Number 8 was released, but number 10 never was, so sad!

Inserted into one of Southall Riot’s singles was this notice. Single number 8 was released, but number 10 never was, so sad!

I believe, and this is just me, it’s to do with rock music’s youthful spirit, its alternative vibe.  Parents in the 1950s were scared outta their skulls at Elvis; Ed Sullivan couldn’t even broadcast Presley’s whole form, filming him from the waist up.  Publishing is assumed for intellectuals, rock and roll for kids.  That’s a very broad generalization, but it’s mine, and I’m sticking to it, filing it under the indie theory of relativity.  Ideas exist, are expressed via language, transmitted through paragraphs and chapters, ’nuff said.

Well, not quite enough; the other thing I thought about last night, listening to The Cramps, Mohave 3, Black Tambourine, Subaqwa, Crak, and a few others, was how these records are a part of this world in which I live.  People wrote and played their songs, then turned them into 45s.  Subaqwa made an album, EPs too.  The Cramps had an illustrious career, only ended at the death of singer Lux Interior (may he rest in peace).  None of those groups were The Beatles, but thousands of stories exist beyond bestsellers.  Yesterday my husband was also listening to his Original Master Recordings of Beatles’ records.  He’s had that box for ages, never plays those albums, but yesterday was a day to dust off memories.  (Literally, as when he removed the singles box from under the stereo, a cloud was stirred.)  We enjoyed the Fab Four in the morning, indie artists that evening, relativity floating through the room, along with dust particles.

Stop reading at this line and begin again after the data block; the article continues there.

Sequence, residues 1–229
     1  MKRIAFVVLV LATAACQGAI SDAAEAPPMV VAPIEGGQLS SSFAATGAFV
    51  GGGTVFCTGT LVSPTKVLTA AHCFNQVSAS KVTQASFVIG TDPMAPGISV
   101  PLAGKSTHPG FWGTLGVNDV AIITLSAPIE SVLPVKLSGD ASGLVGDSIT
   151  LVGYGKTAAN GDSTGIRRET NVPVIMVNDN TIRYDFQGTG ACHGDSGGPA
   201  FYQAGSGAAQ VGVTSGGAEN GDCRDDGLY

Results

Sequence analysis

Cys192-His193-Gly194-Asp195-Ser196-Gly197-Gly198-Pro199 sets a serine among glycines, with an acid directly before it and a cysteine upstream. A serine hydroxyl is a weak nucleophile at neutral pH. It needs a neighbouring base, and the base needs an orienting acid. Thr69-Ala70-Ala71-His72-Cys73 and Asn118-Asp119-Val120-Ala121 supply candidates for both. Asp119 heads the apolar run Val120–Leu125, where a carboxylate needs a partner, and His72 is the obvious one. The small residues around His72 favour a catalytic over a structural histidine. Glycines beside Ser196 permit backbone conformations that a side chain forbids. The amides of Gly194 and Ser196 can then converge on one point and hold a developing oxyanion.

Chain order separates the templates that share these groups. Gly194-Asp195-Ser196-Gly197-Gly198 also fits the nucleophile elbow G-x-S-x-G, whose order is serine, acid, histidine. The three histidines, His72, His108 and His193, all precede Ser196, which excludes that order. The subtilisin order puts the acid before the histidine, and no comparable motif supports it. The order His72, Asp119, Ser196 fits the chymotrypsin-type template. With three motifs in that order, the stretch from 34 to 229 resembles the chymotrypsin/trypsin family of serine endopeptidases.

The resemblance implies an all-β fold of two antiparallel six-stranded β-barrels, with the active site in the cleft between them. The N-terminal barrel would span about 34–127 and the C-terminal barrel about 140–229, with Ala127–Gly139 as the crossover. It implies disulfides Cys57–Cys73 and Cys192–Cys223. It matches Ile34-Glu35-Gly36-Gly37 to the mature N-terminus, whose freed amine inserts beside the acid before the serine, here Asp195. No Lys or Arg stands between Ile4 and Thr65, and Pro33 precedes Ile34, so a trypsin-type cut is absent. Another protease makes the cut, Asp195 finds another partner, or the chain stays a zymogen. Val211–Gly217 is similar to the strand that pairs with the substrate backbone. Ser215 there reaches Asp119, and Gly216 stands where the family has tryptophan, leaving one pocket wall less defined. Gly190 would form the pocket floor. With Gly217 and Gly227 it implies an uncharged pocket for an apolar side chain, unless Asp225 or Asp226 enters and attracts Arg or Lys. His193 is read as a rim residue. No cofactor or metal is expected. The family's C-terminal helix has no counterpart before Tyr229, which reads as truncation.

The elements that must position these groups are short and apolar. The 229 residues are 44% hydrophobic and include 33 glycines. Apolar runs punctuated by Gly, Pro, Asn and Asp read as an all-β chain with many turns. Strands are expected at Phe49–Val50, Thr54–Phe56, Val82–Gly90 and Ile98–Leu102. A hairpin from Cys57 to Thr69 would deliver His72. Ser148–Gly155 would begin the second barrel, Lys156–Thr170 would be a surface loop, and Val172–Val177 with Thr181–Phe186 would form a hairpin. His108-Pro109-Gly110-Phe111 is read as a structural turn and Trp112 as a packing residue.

No artwork on the albums, sort of cheesy if you ask me...

No artwork on the albums, sort of cheesy if you ask me…

Specks of those songs travel as well, from The Beatles’ “Please Please Me” to “What’s Inside A Girl” by The Cramps, a Welsh band in between.  I’m gearing up for some writing in April, and by July, I’ll be celebrating two years as an indie author.  Maybe it’s my rock ‘n roll sensibilities keeping me enthused, maybe it’s a never-quiet creative spirit.  Maybe it’s music, well, I know it’s music; give me a song, I’ll tell you a story.  It’s the indie theory of relativity, far easier to digest than Einstein’s theory of relativity, but part and parcel of this great and grand universe.  Write your story, or make your music, and join the party!

Hard not to get inspired by this, pink vinyl to boot!

2 thoughts on “The indie theory of relativity

    1. Anna Scott Graham Post author

      Thanks Jill. So far, it’s been a wonderful experience! 🙂

      The Cramps were formed in the late 1970s as an alternate rockabilly group, but ended up as a husband and wife who stayed true to their love for 1950s tunes. Lead singer Lux Interior died a few years ago from a heart attack, but he and guitarist-wife Poison Ivy were still playing with various drummers and bassists right to the end of Lux’s life.